These privately educated, privileged people had no idea of the hardships endured by those living on a council estate. To them, the poor were just peasants, there to be mocked over a nice glass of prosecco.
They knew nothing about the decent, hard-working people who live on estates. The people who are forced to live in the bleakest of conditions, often in property that ought to be condemned.
They knew nothing about the stress this can cause.
They knew nothing about what it’s like to be so poor you have to choose between feeding your kids or yourself.
They knew nothing about the way poverty and powerlessness can sap your will and kill your dreams. But I did.
One night, when I was about sixteen, a local gang set fire to a car outside my bedroom window. It was to prove a turning point for me.
I’d spent the previous two years skiving off school, drinking and taking drugs. I’d begun giving up hope that things could get better.
But as I watched that car burn, I realised I had a choice: I either carried on down that path and ended up condemned to an eternity of living in fear … or I worked my butt off to get to university so I’d be able to leave.
The next two years were like the training montage in a Rocky movie. I stopped drinking and getting stoned and started studying and running, all the while listening to a soundtrack of angry rock music and hip-hop to motivate me.
I made it to uni … and two years later I dropped out of uni as I couldn’t stand being so in debt.
But something inside of me had shifted. I believed in the power of dreams. I had proof of the power of determination and grit.
I kept working and dreaming until I’d achieved my dream of becoming a writer … and ended up at the publishing lunch.
And when the publishing folk at that lunch started mocking the people who live on council estates I didn’t feel embarrassed, like I did back when I was a kid, I felt proud.
Proud that no silver spoon or private education or networking or nepotism had bought me a place at that table – hard graft and dreams had.
And so I told them in no uncertain terms that they were talking crap. That most people who live on council estates are decent and hard-working and have just been dealt a worse hand in life than them.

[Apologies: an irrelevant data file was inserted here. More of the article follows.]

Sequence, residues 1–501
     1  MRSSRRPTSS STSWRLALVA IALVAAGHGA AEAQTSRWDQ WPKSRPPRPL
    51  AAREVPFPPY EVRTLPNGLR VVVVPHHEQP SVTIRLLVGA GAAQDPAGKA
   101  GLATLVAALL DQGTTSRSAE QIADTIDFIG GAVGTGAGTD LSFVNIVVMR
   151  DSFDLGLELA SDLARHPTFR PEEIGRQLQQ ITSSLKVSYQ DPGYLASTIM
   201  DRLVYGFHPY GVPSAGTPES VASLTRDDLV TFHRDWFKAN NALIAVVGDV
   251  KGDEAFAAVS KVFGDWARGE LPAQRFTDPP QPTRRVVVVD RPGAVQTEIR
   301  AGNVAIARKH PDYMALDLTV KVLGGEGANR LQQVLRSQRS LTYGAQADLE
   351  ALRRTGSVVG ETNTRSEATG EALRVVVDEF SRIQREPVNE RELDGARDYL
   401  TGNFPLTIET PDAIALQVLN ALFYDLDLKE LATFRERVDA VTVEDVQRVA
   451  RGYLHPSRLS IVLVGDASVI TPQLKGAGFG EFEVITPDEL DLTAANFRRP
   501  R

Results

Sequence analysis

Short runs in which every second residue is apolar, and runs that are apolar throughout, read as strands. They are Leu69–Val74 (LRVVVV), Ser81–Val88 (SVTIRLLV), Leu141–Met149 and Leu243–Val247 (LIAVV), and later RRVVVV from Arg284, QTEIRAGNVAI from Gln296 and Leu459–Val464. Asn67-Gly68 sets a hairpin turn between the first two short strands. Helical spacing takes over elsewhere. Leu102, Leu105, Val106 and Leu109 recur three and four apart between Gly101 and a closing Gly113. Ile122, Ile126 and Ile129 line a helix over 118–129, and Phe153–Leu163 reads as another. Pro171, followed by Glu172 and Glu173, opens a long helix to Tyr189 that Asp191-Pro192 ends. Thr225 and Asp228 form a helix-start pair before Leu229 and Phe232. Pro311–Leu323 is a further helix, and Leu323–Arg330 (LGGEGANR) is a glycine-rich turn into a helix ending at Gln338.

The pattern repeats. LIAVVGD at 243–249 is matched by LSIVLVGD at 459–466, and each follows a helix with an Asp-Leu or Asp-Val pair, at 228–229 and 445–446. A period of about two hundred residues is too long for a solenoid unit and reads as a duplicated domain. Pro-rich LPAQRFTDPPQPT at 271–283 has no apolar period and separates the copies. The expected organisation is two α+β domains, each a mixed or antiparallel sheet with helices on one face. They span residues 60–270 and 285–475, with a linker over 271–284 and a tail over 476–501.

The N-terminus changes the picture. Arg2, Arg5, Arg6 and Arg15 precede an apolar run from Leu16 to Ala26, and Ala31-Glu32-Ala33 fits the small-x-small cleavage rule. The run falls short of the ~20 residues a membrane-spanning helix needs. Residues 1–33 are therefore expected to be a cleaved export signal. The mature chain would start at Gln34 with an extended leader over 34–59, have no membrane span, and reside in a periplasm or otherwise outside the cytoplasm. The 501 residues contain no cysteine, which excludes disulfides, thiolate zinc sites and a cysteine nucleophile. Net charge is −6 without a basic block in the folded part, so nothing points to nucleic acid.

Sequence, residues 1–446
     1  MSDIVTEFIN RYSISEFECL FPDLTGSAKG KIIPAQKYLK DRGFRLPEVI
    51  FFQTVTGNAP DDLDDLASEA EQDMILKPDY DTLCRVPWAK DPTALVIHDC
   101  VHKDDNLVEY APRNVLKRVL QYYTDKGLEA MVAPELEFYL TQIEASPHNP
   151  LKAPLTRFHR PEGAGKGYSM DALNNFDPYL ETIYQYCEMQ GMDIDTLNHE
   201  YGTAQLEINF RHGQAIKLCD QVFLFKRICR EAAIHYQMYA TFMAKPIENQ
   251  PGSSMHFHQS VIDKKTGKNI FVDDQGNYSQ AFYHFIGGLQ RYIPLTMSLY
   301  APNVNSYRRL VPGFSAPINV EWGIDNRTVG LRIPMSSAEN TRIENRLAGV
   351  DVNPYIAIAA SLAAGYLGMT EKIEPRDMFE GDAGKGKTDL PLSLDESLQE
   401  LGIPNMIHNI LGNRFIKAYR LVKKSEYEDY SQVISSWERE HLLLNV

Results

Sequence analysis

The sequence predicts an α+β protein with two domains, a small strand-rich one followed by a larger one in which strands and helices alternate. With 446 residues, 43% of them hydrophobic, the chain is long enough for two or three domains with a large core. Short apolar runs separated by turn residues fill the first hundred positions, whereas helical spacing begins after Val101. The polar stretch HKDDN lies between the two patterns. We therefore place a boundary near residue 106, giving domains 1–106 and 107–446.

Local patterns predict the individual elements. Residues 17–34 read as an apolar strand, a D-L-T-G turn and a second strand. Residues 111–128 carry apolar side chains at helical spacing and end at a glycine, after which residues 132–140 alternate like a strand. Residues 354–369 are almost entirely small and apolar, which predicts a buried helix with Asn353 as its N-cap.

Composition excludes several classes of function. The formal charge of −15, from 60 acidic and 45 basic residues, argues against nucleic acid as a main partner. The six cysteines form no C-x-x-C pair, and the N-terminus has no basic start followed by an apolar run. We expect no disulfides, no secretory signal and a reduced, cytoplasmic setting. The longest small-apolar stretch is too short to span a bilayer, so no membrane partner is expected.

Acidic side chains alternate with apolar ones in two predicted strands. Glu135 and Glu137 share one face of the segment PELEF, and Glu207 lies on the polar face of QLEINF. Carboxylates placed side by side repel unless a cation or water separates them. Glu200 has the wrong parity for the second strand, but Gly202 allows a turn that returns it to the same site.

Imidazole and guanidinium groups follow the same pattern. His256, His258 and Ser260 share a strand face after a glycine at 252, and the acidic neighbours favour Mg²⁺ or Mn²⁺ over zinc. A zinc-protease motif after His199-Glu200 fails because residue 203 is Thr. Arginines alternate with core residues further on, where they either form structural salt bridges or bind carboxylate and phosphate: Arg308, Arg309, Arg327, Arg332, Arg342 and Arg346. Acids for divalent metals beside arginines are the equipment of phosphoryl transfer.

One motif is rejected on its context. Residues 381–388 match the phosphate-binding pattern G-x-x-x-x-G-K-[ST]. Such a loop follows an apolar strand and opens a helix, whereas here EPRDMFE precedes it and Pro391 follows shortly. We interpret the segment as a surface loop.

I told them that I grew up on an estate and I was proud of that fact.
I told them that they ought to think more before they sneered and mocked.
And then there was silence – of the tumbleweed kind.
I went home that day feeling really upset. I liked everyone at that table – it was just their incorrect preconceived ideas that I hated. What if they didn’t want to work with me any more? What if, having worked so hard to get a place at their table, they turned their backs on me?
But that night I got an email from one of the woman present at the lunch, apologising profusely. ‘My parents didn’t bring me up to talk like that,’ she told me. ‘They would have been ashamed to hear what I said. I’ll never talk like that again.’
As I read her words I cried – and I learned another important lesson: we should always be proud of where we come from … and never be afraid to voice that pride.
Last week, I went back to James Bedford Close.
I walked through the flats where we used to play ‘spot the junkie’.
I saw the ghost of my childhood past clambering over the remnants of the climbing frames.
I looked up at the bedroom window I used to gaze from and dream of better.
And I felt incredibly grateful.
Grateful for the start in life growing up on a council estate gave me.
Grateful for the street-smarts and the savvy and the endless adventures.
Grateful for the lesson that anything is possible with the right amount of grit and the determination to dream.